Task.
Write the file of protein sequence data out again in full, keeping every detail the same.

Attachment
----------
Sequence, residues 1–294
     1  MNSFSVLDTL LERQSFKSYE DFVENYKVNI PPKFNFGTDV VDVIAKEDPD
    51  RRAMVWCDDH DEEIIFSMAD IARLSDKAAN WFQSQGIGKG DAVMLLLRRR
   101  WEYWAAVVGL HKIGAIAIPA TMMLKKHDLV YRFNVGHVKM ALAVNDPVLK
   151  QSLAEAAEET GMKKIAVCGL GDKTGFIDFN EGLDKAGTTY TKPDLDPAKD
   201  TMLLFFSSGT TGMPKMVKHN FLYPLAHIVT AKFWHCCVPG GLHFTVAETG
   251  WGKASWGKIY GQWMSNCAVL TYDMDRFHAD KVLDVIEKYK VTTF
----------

Sequence, residues 1–294
     1  MNSFSVLDTL LERQSFKSYE DFVENYKVNI PPKFNFGTDV VDVIAKEDPD
    51  RRAMVWCDDH DEEIIFSMAD IARLSDKAAN WFQSQGIGKG DAVMLLLRRR
   101  WEYWAAVVGL HKIGAIAIPA TMMLKKHDLV YRFNVGHVKM ALAVNDPVLK
   151  QSLAEAAEET GMKKIAVCGL GDKTGFIDFN EGLDKAGTTY TKPDLDPAKD
   201  TMLLFFSSGT TGMPKMVKHN FLYPLAHIVT AKFWHCCVPG GLHFTVAETG
   251  WGKASWGKIY GQWMSNCAVL TYDMDRFHAD KVLDVIEKYK VTTF